open pantry

Victoria, BC

a view of Pino’s new galley setup with a single lpg gimballed burner layer over two shelves containing baskets of fresh produce

We have lived without refrigeration since 2016, and have since kept our produce in open bins that we store in the v-berth. Pino has an icebox, but access to it is difficult, and the space is chasm-like. Retrieving any item at the bottom of said chasm involves diving head first into the icebox, it induces neck pains in tall people and bruises the ribs of short people. Instead of holding produce, this space has instead housed large containers of condiments and oils, jars of lacto-fermented goods (see lactofermentation), and more recently our diy carbonation system.

This year we finally downsized from a 3-burner stove with an oven to a single LPG burner, this freed up plenty of space for our dream pantry. Keeping produce in bins in the v-berth is fine, we've been doing this for years and could have continued for many more, but now that this space has opened up we are ready for a change!

Why an open pantry? We like the idea of an open pantry because it is easier to keep track of what we have, refrigerator shelves, or iceboxes, are often deep and newer items get stacked ahead(or above), giving ample time for forgotten produce to rot. With bins, we see the contents everyday and use up the more perishable items(greens) first. The ideal open pantry ought to have gaps to permit air to circulate.

How many bins? Two bins is enough to store our produce, three would be ideal but our space doesn't permit it. For our planned setup, most vegetables will go in the top bin, and potatoes and onions will go in the lower bin. We keep ethylene-producing fruits(like apples and bananas) separate, storing them in hanging bags in other parts of the boat. We sometimes store more perishable items under our sink, in an uninsulated space under the waterline which can get very cold in the winter/spring/fall (we can keep 1L of soymilk there without it going bad). On a long ocean passage, we have a third bin to keep extra produce, but most times two bins is plenty.

Building the shelves

the old oven is gone, two baskets of produce are laying in the gap where it used to be

The two white bins in the above photo hold our produce, we haven't installed the shelves yet, but the bins resting in that space give a good preview of what it's going to look like. It'll be nice to have the produce near the galley again! We got used to walking to the bow to get a carrot or an onion, but in heavy seas it is a challenge.

an empty space in the galley, covered in thin stainless steel sheeting

We bought a length of pine meant for shelving and used a circular saw(borrowed from a friend, thanks Peter!) to cut it into 4. Two will serve as shelves, the other two will support the gimballed stove. Pine is very light-colored, so we stained the wood with coffee to help darken the grain and applied varnish-to strengthen them, to protect them from humidity and to make them easier to clean.

It's still cold outside, but doing work on the dock when the sun is out is fine.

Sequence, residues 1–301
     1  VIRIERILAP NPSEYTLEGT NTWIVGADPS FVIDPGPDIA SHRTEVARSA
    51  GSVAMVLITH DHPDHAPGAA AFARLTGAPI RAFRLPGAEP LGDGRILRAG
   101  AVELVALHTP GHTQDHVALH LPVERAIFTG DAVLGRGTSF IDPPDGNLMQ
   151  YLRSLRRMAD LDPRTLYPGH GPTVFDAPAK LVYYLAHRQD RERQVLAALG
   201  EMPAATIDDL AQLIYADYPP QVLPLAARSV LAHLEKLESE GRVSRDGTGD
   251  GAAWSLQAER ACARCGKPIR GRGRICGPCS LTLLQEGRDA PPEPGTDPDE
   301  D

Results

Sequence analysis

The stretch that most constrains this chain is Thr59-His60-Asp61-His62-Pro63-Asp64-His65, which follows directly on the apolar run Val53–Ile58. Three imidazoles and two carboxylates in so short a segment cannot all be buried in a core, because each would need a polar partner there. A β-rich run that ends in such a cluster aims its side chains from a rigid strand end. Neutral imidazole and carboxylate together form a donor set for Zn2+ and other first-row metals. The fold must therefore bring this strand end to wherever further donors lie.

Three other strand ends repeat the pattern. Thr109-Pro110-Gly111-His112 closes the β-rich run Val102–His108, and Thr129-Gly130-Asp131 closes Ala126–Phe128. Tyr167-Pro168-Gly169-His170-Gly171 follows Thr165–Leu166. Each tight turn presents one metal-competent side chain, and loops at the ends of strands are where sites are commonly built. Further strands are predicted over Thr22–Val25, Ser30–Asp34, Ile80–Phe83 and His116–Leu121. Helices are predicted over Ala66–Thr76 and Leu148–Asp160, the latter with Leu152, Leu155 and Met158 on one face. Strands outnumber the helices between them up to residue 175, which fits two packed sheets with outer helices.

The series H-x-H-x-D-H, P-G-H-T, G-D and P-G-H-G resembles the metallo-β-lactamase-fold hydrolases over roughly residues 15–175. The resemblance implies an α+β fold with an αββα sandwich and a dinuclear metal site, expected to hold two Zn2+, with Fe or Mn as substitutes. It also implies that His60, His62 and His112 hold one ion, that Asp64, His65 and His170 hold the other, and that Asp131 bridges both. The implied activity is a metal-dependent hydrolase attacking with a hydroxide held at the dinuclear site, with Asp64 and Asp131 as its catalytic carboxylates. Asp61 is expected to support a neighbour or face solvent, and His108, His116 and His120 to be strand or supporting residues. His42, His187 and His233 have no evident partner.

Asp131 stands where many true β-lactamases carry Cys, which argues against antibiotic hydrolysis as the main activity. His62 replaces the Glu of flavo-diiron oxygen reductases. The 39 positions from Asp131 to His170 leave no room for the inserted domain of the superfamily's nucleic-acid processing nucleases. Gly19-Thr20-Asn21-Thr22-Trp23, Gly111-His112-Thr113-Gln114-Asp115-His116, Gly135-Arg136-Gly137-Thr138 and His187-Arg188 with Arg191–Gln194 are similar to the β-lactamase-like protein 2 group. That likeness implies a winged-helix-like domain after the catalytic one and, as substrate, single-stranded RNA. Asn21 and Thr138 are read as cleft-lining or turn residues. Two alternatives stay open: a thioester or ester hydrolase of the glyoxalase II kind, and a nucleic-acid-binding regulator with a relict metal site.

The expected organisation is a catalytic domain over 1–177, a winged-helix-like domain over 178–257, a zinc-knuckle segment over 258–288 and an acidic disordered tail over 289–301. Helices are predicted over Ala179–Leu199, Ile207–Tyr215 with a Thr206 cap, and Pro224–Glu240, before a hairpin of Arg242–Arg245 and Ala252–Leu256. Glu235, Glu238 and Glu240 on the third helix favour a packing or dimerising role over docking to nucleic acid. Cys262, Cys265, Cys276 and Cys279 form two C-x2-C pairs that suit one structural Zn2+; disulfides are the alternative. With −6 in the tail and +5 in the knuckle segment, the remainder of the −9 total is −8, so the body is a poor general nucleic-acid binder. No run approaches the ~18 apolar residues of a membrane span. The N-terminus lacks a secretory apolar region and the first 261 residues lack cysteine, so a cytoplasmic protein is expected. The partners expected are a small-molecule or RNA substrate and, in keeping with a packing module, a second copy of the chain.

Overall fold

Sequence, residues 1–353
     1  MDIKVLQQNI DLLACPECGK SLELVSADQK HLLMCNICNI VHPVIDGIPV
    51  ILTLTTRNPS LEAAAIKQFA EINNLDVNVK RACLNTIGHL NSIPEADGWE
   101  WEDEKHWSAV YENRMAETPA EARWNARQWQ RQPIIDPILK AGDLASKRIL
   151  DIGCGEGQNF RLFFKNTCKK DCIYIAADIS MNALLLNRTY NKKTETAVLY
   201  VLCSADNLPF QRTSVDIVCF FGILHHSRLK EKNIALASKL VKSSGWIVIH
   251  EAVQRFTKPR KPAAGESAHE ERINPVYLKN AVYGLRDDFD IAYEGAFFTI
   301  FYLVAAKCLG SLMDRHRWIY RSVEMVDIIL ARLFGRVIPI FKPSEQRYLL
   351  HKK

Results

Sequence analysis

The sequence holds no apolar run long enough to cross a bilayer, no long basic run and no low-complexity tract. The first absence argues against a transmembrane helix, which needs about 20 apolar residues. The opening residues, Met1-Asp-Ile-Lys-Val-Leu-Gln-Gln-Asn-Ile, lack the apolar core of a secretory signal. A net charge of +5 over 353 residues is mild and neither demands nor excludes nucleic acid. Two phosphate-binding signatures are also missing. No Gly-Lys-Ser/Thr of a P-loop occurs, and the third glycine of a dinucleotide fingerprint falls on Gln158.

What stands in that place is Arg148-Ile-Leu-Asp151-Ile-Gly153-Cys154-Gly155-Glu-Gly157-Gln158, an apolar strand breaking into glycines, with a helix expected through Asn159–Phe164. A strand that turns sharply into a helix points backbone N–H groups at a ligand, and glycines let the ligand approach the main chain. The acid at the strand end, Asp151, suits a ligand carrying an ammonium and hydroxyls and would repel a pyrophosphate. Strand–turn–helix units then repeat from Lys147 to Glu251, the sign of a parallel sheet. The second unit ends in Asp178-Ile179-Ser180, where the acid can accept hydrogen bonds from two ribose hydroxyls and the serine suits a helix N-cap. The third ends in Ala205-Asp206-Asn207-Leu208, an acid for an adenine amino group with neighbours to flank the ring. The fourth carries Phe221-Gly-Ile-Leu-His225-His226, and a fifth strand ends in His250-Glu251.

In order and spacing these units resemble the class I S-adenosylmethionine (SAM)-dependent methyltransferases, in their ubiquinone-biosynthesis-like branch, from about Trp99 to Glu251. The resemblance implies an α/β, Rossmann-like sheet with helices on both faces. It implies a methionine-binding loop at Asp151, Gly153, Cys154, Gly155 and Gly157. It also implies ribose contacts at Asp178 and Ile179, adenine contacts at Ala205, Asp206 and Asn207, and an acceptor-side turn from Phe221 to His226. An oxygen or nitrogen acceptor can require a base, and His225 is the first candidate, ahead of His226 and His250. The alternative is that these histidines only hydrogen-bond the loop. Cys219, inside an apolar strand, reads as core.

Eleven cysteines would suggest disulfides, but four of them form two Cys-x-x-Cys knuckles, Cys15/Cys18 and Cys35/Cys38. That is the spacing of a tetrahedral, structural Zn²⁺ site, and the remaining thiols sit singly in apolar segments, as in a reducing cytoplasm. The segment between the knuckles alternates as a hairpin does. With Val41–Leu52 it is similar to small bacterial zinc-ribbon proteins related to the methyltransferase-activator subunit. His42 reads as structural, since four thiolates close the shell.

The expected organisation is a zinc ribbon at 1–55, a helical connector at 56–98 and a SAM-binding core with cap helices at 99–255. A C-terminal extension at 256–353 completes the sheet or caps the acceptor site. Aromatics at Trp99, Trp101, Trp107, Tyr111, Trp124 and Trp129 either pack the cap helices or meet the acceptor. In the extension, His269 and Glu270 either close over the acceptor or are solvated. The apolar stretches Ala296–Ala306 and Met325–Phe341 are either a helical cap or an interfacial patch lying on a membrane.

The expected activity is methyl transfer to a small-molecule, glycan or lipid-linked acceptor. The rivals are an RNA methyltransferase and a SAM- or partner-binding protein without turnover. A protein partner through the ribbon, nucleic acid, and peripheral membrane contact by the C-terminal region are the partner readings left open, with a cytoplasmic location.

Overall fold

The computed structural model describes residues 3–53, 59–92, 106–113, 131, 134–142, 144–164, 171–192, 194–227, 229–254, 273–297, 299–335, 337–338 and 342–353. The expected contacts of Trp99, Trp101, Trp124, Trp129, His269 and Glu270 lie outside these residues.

cut pieces of coffee-stained pine drying on the dock

The back of the shelves have a lip on one side to keep the pots from sliding backward when the boat is heeled over. The front will have a horizontal bar, secured by two hardwood U blocks. The two U blocks will be bolted(x3) to the walls. A lot of the shelves on the boat use this same design to keep objects in place.

a preview of how the produce baskets will stay in place, showing a horizontal wooden bar sitting between two U shaped blocks

The above horizontal bar is an off-cut used to test the blocks, the actual bars will be much longer than this but this photo gives a good preview of what we are attempting to do.

The U in the blocks were carved using a handsaw, a drill and a round file. We used the handsaw to cut two parallel(ish) lines to accommodate the width of the horizontal bar, then drilled a hole in the bottom of the U to help shave away some material(using the fattest drill bit we had), and then removed some of the left-over material with the round file. A chisel would work well, but we don't have one.

a hand holding a hand carved u-shaped block

We carry a lot of small lengths of hardwood that are ideal for projects like this, wood that we've accumulated over the years, found on marina shelves, gifted by friends, bought at a used marineware store etc. We made the blocks out of some short lengths of teak.

When we were docked in Minamiise in Japan, (see a home for Pino), the local yacht club were re-doing the docks out of some exotic hardwood and so we inherited a lot of small offcuts from them (they were throwing them away).

the baskets of produce sitting on their respective shelves in our new galley

This is what the final shelves look like! The top basket holds produce like carrots, greens, and brussel sprouts, the lower basket has potatoes and onions. Note that there are better ways to keep items like carrots and greens, see the post by Low-Tech Labs for recommendations.

If you're interested in learning how to keep produce outside of the fridge, see this lovely write-up by Low-Tech Labs.

The gap on the side will act as storage for various cookware.

See our gimballed stove, or return to galley refit.